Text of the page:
Dutch parliament approves mobile 'net neutrality'

Jun 22, 2011 By TOBY STERLING , AP Business Writer

(AP) -- The Dutch parliament approved a bill Wednesday forcing mobile Internet providers to let customers use Skype and other rival services on their networks without charging extra or giving preferential treatment to their own offerings.

Once the bill is passed by the senate - usually a formality - the Netherlands may set an example for Europe by enacting one of the strongest "" laws on record.

including Vodafone, and the former Dutch state telecom Royal KPN NV had lobbied against the bill, claiming it may result in higher prices for customers or make it impossible to offer quality guarantees for key services.

However, advocates argued it will ensure the telecoms don't abuse their control over mobile networks to stifle competition and innovation. The Dutch bill was endorsed by consumer groups, "digital freedom" activists, and is seen as benefiting big software and content companies, notably Facebook, Skype owner Microsoft, and .

Although net neutrality has been debated by policy makers and the industry for a decade, the key provisions of the Dutch bill took shape in just two months as politicians reacted swiftly to a public outcry over telecom KPN's pricing policies.

"When it hits the wallet, it hits home," said Daphne van der Kroft of Bits of Freedom, an organization that opposes online restrictions.

In April, KPN announced poor first as customers using smart phones flocked to a messaging service called "WhatsApp." WhatsApp enables phone users with a mobile Internet subscription to send messages for no additional charge, sidestepping KPN's lucrative SMS business. In response, KPN chief executive Eelco Blok announced plans to charge customers extra for using Skype and WhatsApp.

The move backfired spectacularly.

Customers were outraged, and many began questioning for the first time how the company even knew which applications they were using on their phones.

Internet providers routinely monitor traffic on their network for a range of reasons, including removing bottlenecks, protecting customers from viruses and spam, and adhering to law enforcement demands.

But to track which customers are using WhatsApp or , KPN would need to look relatively carefully at the data being transferred, using a practice known as "deep packet inspection."

KPN argued the practice is common in the industry and it doesn't eavesdrop on customers.

But the Netherlands' consumer rights watchdog demanded an investigation into possible privacy violations, and politicians, reading public sentiment, moved to stop the plan. One of the bill's co-authors, Labor MP Martijn van Dam, compared KPN to "a postal worker who delivers a letter, looks to see what's in it, and then claims he hasn't read it."

In a statement, KPN said it "regrets that parliament didn't take more time for this legislation," adding it is now considering other options to recoup lost revenues.

Vodafone said the bill would "lead to a large increase in prices for mobile Internet for a large group of consumers" by blocking the company from offering varying prices for varying services.

The Dutch bill comes at a crucial time, as most European countries are debating how to enact EU Commission rules on net neutrality.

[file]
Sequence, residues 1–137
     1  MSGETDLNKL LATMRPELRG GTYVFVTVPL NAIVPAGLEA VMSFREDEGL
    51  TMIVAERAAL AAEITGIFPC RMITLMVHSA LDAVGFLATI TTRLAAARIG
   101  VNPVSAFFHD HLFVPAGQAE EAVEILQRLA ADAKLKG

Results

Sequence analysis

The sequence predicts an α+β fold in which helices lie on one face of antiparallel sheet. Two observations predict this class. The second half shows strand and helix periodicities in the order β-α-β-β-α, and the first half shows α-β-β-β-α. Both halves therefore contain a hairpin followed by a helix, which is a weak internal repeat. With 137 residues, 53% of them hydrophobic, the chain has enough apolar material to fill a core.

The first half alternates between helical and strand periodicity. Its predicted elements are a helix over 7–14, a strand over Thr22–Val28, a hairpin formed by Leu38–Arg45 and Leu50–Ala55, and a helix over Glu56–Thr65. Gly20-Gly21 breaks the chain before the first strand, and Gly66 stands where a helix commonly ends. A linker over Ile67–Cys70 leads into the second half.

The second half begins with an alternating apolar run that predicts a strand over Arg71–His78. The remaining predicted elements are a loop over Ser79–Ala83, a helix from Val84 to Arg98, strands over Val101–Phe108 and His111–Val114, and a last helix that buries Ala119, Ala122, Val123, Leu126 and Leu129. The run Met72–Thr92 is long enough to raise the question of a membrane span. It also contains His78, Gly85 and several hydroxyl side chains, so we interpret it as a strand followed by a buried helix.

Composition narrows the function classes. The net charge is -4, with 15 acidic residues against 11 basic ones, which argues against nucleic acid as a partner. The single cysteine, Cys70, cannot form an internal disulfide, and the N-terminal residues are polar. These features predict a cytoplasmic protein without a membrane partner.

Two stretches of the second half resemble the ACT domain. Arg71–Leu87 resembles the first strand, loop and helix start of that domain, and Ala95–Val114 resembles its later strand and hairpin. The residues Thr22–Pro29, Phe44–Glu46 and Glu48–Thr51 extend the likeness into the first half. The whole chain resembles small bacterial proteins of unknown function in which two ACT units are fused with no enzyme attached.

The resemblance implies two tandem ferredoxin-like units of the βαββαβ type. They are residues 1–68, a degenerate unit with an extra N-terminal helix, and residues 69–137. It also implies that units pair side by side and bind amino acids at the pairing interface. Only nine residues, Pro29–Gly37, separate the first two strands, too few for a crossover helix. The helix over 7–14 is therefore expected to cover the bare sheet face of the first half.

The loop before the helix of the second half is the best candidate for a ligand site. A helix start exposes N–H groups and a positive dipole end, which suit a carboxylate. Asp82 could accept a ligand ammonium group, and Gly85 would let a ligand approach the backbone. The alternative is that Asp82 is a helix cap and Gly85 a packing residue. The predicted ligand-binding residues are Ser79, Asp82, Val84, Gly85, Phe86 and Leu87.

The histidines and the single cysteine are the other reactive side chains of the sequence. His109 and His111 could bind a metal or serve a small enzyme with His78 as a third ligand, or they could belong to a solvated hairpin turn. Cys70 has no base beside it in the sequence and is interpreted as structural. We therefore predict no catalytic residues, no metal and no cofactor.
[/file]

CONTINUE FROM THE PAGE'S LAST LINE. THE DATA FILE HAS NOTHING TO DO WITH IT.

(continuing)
Explore further: Creating the fastest outdoor wireless Internet connection in the world

5 /5 (1 vote)
add to favorites email to friend print save as pdf

Related Stories

Dutch parliament voting on mobile 'net neutrality'

Jun 21, 2011

(AP) -- The Dutch parliament appears set to approve a bill Tuesday that would force mobile Internet providers to let their customers use Skype and other third-party services on their networks without charging extra or giving ...

Dutch selloff of KPN fans takeover fears

Dec 07, 2005

Few industries have been directly affected by sweeping technological changes than the telecommunications sector, but it has also remained one of the most closely controlled by the public sector worldwide. European telecommunications ...

Recommended for you

Why the Sony hack isn't big news in Japan

12 hours ago

Japan's biggest newspaper, Yomiuri Shimbun, featured a story about Sony Corp. on its website Friday. It wasn't about hacking. It was about the company's struggling tablet business.

Off-world manufacturing is a go with space printer

16 hours ago

On Friday, the BBC reported on a NASA email exchange with a space station which involved astronauts on the International Space Station using their 3-D printer to make a wrench from instructions sent up in ...

Cadillac CT6 will get streaming video mirror

17 hours ago

Cadillac said Thursday it will add high resolution streaming video to the function of a rearview mirror, so that the driver's vision and safety can be enhanced. The technology will debut on the 2016 Cadillac ...

Sony faces 4th ex-employee lawsuit over hack

17 hours ago

A former director of technology for Sony Pictures Entertainment has sued the company over the data breach that resulted in the online posting of his private financial and personal information.

User comments : 1

Adjust slider to filter visible comments by rank

Display comments: newest first

MorganW
not rated yet Jun 22, 2011
If this passes, it will be very interesting to watch this and see if it kills or spurs innovation and whether or not it ends up helping or costing the consumer.

Please sign in to add a comment. Registration is free, and takes less than a minute. Read more

Click here to reset your password.
Sign in to get notified via email when new comments are made.